It's mid-March and the Pine Processionary caterpillars are on walkabout. Although much seems to be ahead of itself this spring, these beasties are bang on schedule.
Successive generations of caterpillars can also strip and kill a tree, so, given that our hills are mainly oak-clad, thank Goodness we don't have the Oak Processionaries (that have been cropping up in England since 2006). There are relatively few conifers around here. And, of those, our processionaries seem to prefer one variety (sorry - I don't know the name). Local communities usually organise autumn spraying by helicopter, but cutbacks in recent years mean this is now restricted to public areas (such as "The Park", which I mentioned in a previous blog). In our village at least, individuals with conifers in their gardens have to make their own arrangements. A costly prospect, resulting in more felling than treatment.
You start to notice fresh nests each autumn, stuck in the trees like candyfloss. I've always been surprised at how easily they seem to withstand torrential rain, snow and freezing winds. But having done some homework (see link below), I've discovered that they are especially active during cold winter nights! Turns out they're quite fascinating creatures - described as "among the most social" of caterpillars, always knocking around with their siblings.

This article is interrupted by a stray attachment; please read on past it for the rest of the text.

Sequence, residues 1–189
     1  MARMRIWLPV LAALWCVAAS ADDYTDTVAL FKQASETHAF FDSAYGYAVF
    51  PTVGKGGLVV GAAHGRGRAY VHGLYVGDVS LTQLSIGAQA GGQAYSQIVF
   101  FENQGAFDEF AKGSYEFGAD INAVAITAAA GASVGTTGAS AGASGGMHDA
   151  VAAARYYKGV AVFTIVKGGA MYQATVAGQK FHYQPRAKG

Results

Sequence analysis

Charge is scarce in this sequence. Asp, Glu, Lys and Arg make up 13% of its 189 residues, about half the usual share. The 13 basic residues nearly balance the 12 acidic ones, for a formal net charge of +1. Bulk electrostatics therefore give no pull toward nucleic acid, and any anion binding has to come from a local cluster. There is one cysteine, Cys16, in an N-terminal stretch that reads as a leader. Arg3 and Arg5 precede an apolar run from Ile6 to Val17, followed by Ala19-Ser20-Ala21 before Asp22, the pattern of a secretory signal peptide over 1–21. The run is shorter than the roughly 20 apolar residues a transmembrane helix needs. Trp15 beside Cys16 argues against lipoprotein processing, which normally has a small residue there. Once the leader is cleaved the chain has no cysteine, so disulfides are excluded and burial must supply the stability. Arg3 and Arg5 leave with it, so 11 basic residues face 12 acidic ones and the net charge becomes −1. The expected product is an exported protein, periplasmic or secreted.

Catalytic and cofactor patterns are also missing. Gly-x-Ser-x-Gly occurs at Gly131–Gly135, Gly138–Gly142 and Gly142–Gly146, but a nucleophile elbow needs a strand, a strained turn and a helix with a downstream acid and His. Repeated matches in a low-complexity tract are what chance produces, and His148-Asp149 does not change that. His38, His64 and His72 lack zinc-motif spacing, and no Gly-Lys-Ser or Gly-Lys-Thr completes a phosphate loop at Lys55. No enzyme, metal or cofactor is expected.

Come March, when it's warming up, they prepare to pupate. And it's their behaviour at this time that gives them their name. Leaving the nest in orderly, head-to-tail lines, they make their way down the trees. I've only ever seen quite short processions crossing roads and tracks - at a distance they look like fuzzy shoelaces - but they can be up to 300-long. On reaching soft soil they go underground to pupate over the summer. Adult moths emerge in August, females lay egg masses in the trees, and so it starts again.
While I wouldn't want them in my garden, I can't help but respect them.